Poorest pupils ‘should start school aged two’

Jul 14, 2015 by

By Hannah Richardson –

The poorest children should be taught in primary schools from the age of two, Ofsted’s chief inspector has said.

Sir Michael Wilshaw said school-based age-appropriate education could help them catch up with their more advantaged classmates.

Some 260,000 disadvantaged two-year-olds are entitled to 15 hours of free early education a week, but only 58% of these are taking this up.

Primary schools were best-placed to offer this education, Sir Michael said.

But currently they offer only a small percentage of the places.

In a speech in London, Sir Michael said: “Let me be clear: What the poorest children need is to be taught and well taught from the age of two.

“Children who are at risk of falling behind need particular help. And it remains my view that schools are often best placed to deliver this.”

Earlier start

He said schools had more access to the kind of specialists they may need, such as speech and language therapists, behaviour management and parenting support.

And they would be able to track children’s progress more readily.

“So put simply, we need to get more of the poorest children into primary schools earlier,” he said.

Research suggests that such children tend to do worse at school than their more advantaged classmates.

Ministers launched a scheme to offer free early education to the most disadvantaged two-year-olds in England in 2013 as part of attempts to help them catch up.

But the scheme opened with a shortage of places and some 38,000 eligible children did not take up a placement.

In 2014, the scheme was expanded to cover some 260,000 children, and local authorities struggled to ensure providers could offer enough places in the right areas.

Now Sir Michael says just under half of these children entitled to such placements are not accessing them.

Dramatic increase

He also suggested health visitors, when they visited new parents and carried out developmental checks, could take a role in encouraging parents in target families to take up the offer of free childcare.

Sir Michael said the standard of care in England’s pre-schools, nurseries and childminder settings had improved markedly over the last decade.

According to Ofsted’s annual report, 85% of settings are now rated good or outstanding, compared with 78% the previous year.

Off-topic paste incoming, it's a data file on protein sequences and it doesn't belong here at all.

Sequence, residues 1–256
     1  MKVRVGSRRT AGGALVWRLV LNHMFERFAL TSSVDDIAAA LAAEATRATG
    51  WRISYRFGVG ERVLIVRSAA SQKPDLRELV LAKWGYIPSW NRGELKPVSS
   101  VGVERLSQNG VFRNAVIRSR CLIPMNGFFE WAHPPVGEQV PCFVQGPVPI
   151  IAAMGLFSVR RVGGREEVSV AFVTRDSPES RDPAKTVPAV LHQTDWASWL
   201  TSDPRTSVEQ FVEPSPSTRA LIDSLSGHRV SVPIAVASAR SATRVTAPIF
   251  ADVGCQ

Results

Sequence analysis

The Department for Education said the number of children taking up the two-year-old offer had “increased dramatically” since its introduction and had almost doubled to 157,000.

“It is for parents to decide at what age their child should attend a childcare setting and for how long,” it said.

“We want to help parents make choices based on what is right for their family, rather than what they can or can’t afford.

“The overwhelming evidence shows high-quality early years provision gives benefits that last throughout a child’s life.”

Commenting on the report, councillor David Simmonds of the Local Government Association, said: “Many early years providers, including nurseries, childminders, and school-based settings, opt to work with their local councils, and mums and dads are seeing the results with more high quality provision becoming available.

“However, we could do so much more if some of the bureaucratic barriers preventing councils from using their expertise were lifted.”

Dr Mary Bousted, general secretary of the Association of Teachers and Lecturers, said: “While schools do offer many benefits, including the potential for an easier transition into reception and beyond, they are not necessarily geared up to support very young children. And teachers are not necessarily trained to teach two-year-olds.

“Many schools need to make big changes to their premises, their lunchtime arrangements and their staffing in order to provide the best care and education for two-year-olds, and this cannot happen overnight.”

Source: Poorest pupils ‘should start school aged two’ – BBC News

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